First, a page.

LOBELIA INFLATA symptoms of the homeopathy remedy from Plain Talks on Materia Medica with Comparisons by W.I. Pierce. What LOBELIA INFLATA can be used for? Indications and personality of LOBELIA INFLATA…



      Lobelia, named after Mathias de L`Obel, a French botanist, is a wide-spread American plant and was smoked by our Indians for its relaxing effect.

There are two other Lobelias, the red, Lobelia cardinalis, and the blue, Lobelia syphilitica, which have had slight provings. This one, which is officinal in the old school Pharmacopoeia, was first proved by Dr. Jeanes, of this country.

Lobelia had its greatest repute in the Botanic practice being recommended, says Millspaugh, “for almost every disease known, and has proved curative in some cases, palliative in more, useless in many, and a deadly poison in more cases than one.”

It is used by the Eclectics, either alone or in many combinations.


      Quoting from Allen’s Handbook, we find that it “produces, in large doses, most violent vomiting, and profound prostration, failure of the heart and respiration, collapse and fatal stupor; it paralyzes the pneumogastric and vaso-motor nerves. Its most important action in smaller doses is laryngeal and bronchial spasm, hence it is very useful in various spasmodic diseases of the respiratory apparatus attended with deathly nausea.”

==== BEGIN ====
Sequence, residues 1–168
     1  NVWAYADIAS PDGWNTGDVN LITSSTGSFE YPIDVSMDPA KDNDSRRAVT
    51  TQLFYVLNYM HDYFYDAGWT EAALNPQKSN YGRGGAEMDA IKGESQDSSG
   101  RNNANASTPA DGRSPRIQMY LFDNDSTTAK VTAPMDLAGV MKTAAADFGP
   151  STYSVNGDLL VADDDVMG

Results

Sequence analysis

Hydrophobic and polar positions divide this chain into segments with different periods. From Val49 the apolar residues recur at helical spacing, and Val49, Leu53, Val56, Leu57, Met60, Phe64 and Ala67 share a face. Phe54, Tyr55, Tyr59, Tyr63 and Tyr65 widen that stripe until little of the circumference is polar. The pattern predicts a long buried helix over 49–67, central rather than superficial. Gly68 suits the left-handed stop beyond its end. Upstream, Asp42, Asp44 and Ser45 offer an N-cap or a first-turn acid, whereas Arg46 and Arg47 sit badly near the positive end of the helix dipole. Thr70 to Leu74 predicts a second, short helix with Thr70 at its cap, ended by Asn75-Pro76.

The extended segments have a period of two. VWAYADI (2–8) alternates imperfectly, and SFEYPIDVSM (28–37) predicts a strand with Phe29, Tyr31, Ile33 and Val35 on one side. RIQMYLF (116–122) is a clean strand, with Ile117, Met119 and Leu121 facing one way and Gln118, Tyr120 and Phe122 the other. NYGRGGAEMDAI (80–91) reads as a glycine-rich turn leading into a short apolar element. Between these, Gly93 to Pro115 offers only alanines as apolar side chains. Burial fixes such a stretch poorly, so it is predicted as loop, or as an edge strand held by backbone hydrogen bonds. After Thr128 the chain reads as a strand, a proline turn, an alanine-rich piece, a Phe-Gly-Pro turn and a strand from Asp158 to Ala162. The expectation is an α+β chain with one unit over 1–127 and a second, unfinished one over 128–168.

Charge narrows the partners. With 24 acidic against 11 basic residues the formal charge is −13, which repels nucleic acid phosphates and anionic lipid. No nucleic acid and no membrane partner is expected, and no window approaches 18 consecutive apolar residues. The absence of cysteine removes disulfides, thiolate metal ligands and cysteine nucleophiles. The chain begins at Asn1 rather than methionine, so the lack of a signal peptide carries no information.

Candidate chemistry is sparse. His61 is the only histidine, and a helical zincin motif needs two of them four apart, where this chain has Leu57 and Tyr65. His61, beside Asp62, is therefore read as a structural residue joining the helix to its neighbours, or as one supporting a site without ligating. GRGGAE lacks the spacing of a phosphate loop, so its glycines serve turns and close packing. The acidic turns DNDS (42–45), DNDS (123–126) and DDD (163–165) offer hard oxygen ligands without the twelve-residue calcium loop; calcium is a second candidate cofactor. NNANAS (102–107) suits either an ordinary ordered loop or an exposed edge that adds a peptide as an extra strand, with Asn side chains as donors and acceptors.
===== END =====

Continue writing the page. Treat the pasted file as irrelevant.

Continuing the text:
There is a sensation of sinking of goneness at the pit of the stomach (179), with faintness and “deathly sick feeling all over” (Hering), associated with nausea, vomiting and cold sweat (185). With these symptoms Lobelia is of value in gastralgia, dyspepsia, Hale saying “most useful in the dyspepsia due to excessive use of green tea (7), tobacco and bad liquor,” and of great value in the nausea and vomiting or pregnancy (153), one case where it gave great relief being aggravated by the sight or smell of food.

Lobelia is of value in bronchitis, asthma (19), true or spasmodic, and in spasmodic croup, with great suffocation and oppression of the chest (29), and sensation as if the chest were full of blood (27), which seems to stagnate, “better moving about” (Allen), although Dr. Jeanes says the dyspnoea is “aggravated by the slightest exertion.”

Frequently there is a sensation of lump in the throat which impedes respiration (25). Accompanying the respiratory troubles we have nausea and vomiting.

I use Lobelia in the tincture.

Willard Ide Pierce
Willard Ide Pierce, author of Plain Talks on Materia Medica (1911) and Repertory of Cough, Better and Worse (1907). Dr. Willard Ide Pierce was a Director and Professor of Clinical Medicine at Kent's post-graduate school in Philadelphia.